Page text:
"I was doing policy a great deal, but you were always thinking about what would happen within a five-year term."

But he was thinking of the bigger global issues that needed a further outlook.

"I was interested in thinking long-term rather than short. It was because of that in a way I thought the nature of a President is to be able to see beyond a particularly short period of time."

Climate change, sustainability and meeting global food needs are among the crucial worldwide issues that weigh heavily on his mind.

Around 26 million people face starvation in the Horn of Africa. He will attend an event next week in Senegal that addresses this issue.

In 1992, he visited famine-stricken Somalia.

While in a stark contrast, Dublin alone, he said, annually produces 800,000 tonnes of wasted food.

"Famine is unnecessary. There is absolutely no reason why we couldn't have total food security."

He believes that Africa and South America are the continents that are going to face "the biggest challenges" in the future.

But there have been lighter, happier times also that he ponders on.

The students asked the President to tell them about his stand out moments.

"There's no doubt whatever, a very dramatic moment for Sabina and I, and an emotional one, was when I was being inaugurated in Dublin Castle and I gave a speech that set out what would be my agenda for the term of the Presidency."

While he can fondly recall this moment when he reached the pinnacle of his career, he will never forget the challenging times.

"There were several times in my life when I had no idea where I would end up," he said.

If he were to one day pen an autobiography, it would be to encourage people to overcome the obstacles they face.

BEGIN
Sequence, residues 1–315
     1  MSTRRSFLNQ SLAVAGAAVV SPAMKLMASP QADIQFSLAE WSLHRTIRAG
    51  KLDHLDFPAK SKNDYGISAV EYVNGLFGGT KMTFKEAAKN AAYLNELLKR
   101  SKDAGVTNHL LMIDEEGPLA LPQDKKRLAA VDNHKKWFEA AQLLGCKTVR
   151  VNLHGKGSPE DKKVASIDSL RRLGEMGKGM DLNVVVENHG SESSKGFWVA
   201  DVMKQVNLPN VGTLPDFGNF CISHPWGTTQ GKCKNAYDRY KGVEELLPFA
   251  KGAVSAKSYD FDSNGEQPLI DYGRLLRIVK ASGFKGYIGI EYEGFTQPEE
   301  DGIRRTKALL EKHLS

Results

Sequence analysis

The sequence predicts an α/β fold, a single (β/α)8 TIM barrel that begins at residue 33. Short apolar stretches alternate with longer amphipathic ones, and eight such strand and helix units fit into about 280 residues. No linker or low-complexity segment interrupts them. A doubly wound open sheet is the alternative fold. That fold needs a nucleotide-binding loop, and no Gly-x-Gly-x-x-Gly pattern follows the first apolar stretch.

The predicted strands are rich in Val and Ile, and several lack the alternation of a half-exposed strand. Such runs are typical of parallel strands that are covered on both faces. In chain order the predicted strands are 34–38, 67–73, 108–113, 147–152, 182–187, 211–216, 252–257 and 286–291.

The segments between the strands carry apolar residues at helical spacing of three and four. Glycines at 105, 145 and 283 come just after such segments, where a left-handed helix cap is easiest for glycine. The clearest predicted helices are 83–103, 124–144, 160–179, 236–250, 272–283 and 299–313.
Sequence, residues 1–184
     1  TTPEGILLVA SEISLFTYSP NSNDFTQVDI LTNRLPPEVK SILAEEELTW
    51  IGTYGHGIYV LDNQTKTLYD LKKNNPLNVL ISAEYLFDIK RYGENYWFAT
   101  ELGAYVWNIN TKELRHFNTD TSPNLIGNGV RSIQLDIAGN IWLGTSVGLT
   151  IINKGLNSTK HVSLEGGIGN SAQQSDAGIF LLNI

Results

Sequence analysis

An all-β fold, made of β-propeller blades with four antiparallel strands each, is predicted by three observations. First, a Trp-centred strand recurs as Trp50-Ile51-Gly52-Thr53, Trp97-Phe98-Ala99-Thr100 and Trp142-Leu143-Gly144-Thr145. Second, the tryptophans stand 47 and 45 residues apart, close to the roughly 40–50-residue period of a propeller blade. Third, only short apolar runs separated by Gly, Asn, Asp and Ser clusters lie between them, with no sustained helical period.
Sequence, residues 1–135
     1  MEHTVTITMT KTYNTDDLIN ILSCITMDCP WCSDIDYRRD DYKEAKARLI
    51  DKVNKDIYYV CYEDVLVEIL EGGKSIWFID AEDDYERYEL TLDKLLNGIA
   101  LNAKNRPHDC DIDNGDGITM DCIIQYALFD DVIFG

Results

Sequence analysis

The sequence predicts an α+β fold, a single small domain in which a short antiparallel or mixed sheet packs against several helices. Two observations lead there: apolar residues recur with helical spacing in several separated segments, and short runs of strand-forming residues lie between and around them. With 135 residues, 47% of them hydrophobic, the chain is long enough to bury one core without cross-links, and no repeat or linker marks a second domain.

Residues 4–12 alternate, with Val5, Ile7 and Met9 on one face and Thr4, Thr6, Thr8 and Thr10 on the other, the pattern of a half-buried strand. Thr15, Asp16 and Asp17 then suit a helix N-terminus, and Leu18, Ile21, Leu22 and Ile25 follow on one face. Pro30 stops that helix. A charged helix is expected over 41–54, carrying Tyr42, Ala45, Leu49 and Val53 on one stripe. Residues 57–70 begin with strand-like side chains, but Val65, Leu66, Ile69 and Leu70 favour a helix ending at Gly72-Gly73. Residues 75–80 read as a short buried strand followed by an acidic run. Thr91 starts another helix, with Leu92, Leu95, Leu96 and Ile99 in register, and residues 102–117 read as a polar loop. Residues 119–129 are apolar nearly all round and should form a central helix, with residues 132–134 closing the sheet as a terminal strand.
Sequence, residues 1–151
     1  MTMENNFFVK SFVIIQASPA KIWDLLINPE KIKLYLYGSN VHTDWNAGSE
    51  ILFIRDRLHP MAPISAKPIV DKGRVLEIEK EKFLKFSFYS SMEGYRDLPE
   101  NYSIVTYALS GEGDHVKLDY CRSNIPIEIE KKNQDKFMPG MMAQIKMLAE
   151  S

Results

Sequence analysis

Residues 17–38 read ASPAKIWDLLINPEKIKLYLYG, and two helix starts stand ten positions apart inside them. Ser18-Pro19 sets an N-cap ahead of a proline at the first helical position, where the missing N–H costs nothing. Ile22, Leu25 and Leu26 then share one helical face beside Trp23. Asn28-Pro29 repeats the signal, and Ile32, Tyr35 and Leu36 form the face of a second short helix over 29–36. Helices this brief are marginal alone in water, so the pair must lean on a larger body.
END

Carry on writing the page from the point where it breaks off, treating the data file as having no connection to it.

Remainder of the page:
Then it was down to the nitty gritty - the contentious issue of "obair bhaile".

While the President is at ease being interviewed by journalists from all over the world, it was the children from Tipperary who got a scoop when they asked him for his thoughts on homework.

He said that education happens in both the school and the home, but he added that when children are at home they "should be able to use their time for other creative things".

Not all of the lessons come from books. The responsible use of phones is something that he hopes the younger generation will be acutely aware of.

The children of Ireland "have a great value of friendships" and this makes it even more tragic when there is an "abuse of phones for bullying".

When asked if he had a message for the children of Ireland, he urged: "Stay curious about everything. Make sure you don't miss the joy of getting information.

"And I think an important thing is friendship, and that nobody is left without friendship."

He also said that the hope he holds for the future of the Irish language rests firmly with the younger generation.

On that note, he said that he has two favourite words "as Gaeilge", samhlaíocht (imagination) and beannacht (blessing).

In the President of Ireland's official correspondence, he signs off 'beannachtaí' and it was on that same note that he drew his question-and-answer session with the budding news2day journalists to a close.

RTÉ news2day will broadcast some of the President’s interview as part of this afternoon’s birthday celebrations at 4.20pm on RTÉ2.

The full interview will be available later today on the RTÉ News channel and the RTÉ Player.